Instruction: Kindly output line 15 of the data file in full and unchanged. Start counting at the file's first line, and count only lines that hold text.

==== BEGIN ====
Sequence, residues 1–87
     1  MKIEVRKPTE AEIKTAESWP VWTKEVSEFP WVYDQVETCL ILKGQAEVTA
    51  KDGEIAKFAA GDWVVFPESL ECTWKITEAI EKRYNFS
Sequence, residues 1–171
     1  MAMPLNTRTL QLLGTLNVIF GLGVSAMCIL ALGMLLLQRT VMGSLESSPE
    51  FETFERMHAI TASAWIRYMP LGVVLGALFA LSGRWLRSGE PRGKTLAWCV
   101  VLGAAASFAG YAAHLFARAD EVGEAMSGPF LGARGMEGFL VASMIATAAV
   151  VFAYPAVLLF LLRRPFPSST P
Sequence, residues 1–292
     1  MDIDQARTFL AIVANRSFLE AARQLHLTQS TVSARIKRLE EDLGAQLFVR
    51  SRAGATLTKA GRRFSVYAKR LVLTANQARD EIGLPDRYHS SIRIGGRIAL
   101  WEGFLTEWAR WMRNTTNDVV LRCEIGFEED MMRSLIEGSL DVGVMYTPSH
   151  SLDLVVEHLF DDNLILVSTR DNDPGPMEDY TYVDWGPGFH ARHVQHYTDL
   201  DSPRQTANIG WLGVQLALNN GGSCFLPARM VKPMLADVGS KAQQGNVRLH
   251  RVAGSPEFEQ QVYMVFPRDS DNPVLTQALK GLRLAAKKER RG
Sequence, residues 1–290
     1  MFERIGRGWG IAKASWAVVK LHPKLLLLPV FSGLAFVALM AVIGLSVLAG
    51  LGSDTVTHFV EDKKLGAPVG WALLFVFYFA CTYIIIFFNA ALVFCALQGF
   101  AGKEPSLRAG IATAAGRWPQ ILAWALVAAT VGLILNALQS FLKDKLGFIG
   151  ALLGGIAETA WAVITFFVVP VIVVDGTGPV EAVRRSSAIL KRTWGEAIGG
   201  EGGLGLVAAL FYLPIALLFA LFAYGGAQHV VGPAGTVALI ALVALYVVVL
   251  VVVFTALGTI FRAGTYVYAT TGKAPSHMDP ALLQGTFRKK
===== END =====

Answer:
   251  RVAGSPEFEQ QVYMVFPRDS DNPVLTQALK GLRLAAKKER RG